From Singapore to Buenos Aires, cities around the world turned off their lights Saturday to mark Earth Hour, with this year’s event highlighting the link between the destruction of nature and increasing outbreaks of diseases like COVID-19.
After starting in Asia, the call to action on climate change made its way around a planet reeling from the coronavirus pandemic.
As the day came to an end, it was the turn of the Americas, where the lights dimmed at the Obelisk in Buenos Aires, Rio de Janeiro’s Museum of Tomorrow and the BBVA tower in Mexico City.
In London, the Houses of Parliament, London Eye Ferris wheel, Shard skyscraper and neon signs of Piccadilly Circus were among the landmarks flicking the switches.
“It’s fantastic news that parliament once again is taking part in Earth Hour, joining landmarks across the country and the world to raise awareness of climate change,” said Lindsay Hoyle, Speaker of the House of Commons.
In Paris, the three stages of the Eiffel Tower progressively went dark but there were few people to watch with the whole country under a 7 p.m. COVID-19 curfew.
The giant metal tower has been shut to the public since October 30 due to the pandemic.
In Rome, the lights went out at the 2,000-year-old Colosseum, while police enforcing Italy’s coronavirus restrictions checked the papers of a small crowd of onlookers.
Asia-Pacific kicked off the event after night fell there, with the skylines of metropolises from Singapore to Hong Kong going dark, as well as landmarks including the Sydney Opera House.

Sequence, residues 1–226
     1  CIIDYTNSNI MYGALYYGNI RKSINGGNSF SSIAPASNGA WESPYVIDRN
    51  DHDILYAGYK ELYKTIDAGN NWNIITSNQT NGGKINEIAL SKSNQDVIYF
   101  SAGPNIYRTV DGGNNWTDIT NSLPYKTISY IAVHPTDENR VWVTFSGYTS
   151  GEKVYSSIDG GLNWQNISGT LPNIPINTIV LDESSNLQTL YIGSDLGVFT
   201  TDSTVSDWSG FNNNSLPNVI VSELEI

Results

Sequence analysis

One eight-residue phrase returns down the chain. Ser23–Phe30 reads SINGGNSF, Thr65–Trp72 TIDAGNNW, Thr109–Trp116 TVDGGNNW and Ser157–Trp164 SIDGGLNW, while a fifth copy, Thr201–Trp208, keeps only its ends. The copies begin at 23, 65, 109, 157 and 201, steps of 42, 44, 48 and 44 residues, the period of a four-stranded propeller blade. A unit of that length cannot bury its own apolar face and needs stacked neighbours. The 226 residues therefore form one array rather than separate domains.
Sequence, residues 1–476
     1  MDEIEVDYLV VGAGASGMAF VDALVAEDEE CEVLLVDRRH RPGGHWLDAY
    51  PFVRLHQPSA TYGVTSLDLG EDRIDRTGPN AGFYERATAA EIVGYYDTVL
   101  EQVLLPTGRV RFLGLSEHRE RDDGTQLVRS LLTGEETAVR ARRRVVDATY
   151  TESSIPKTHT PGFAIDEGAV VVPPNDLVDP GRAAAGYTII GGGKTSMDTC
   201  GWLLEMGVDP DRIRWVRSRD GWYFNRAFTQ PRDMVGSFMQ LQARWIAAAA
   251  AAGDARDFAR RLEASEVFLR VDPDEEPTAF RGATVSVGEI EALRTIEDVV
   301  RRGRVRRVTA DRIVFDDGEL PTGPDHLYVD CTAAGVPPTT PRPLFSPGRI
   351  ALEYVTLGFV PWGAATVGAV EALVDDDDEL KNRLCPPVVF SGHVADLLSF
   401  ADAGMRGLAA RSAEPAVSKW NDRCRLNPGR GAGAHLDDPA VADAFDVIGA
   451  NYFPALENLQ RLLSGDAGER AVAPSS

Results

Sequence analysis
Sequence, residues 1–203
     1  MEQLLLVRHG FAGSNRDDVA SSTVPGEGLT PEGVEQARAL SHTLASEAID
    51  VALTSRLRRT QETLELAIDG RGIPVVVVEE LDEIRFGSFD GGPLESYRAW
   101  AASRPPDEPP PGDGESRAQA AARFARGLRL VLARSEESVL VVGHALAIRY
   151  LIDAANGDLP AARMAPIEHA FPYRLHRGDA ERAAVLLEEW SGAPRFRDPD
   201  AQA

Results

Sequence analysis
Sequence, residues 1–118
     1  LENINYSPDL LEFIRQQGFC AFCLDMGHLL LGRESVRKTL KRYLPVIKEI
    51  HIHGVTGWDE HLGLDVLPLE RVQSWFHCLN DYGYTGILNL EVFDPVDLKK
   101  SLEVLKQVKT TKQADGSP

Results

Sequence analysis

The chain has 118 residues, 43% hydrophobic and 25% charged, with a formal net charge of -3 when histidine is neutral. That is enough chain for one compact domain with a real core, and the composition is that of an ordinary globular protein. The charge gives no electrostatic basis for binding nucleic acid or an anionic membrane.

As the event crisscrossed time zones and continents, the Brandenburg Gate in Berlin and Moscow’s Kremlin also joined the annual initiative.
This year, organizers said they wanted to highlight the link between the destruction of the natural world and the increasing incidence of diseases – such as COVID-19 – making the leap from animals to humans.
Experts believe human activity, such as widespread deforestation, destruction of animals’ habitats and climate change, is spurring this increase, and warn more pandemics could occur if nothing is done.
“Whether it is a decline in pollinators, fewer fish in the ocean and rivers, disappearing forests or the wider loss of biodiversity, the evidence is mounting that nature is in free fall,” said Marco Lambertini, director general of the WWF, which organizes Earth Hour.
“And this is because of the way we live our lives and run our economies. Protecting nature is our moral responsibility but losing it also increases our vulnerability to pandemics, accelerates climate change, and threatens our food security,” he said.
In Singapore, people at the waterfront watched as skyscrapers went dark and in a nearby park, Gardens by the Bay, a group of futuristic-looking tree sculptures had their lights turned off.
Earth Hour is about “more than just saving energy, it’s more like remembering our impact on the environment,” Ian Tan, 18, told AFP at the park.
But he was not convinced the event, which has been running since 2007, made much of a difference.
“One hour is not enough for us to remember that climate change is actually a problem – I don’t really see (Earth Hour) as very significant,” he said.
In Hong Kong, people at viewing points above the city watched as lights were dimmed on hordes of closely packed skyscrapers, while in the South Korean capital Seoul, the historic Namdaemun gate went dark.
In Thailand, Bangkok’s ultra-popular CentralWorld mall counted down to 8:30 p.m. before its exterior glass displays went dark for an hour – though inside, the shopping center appeared to operate as usual.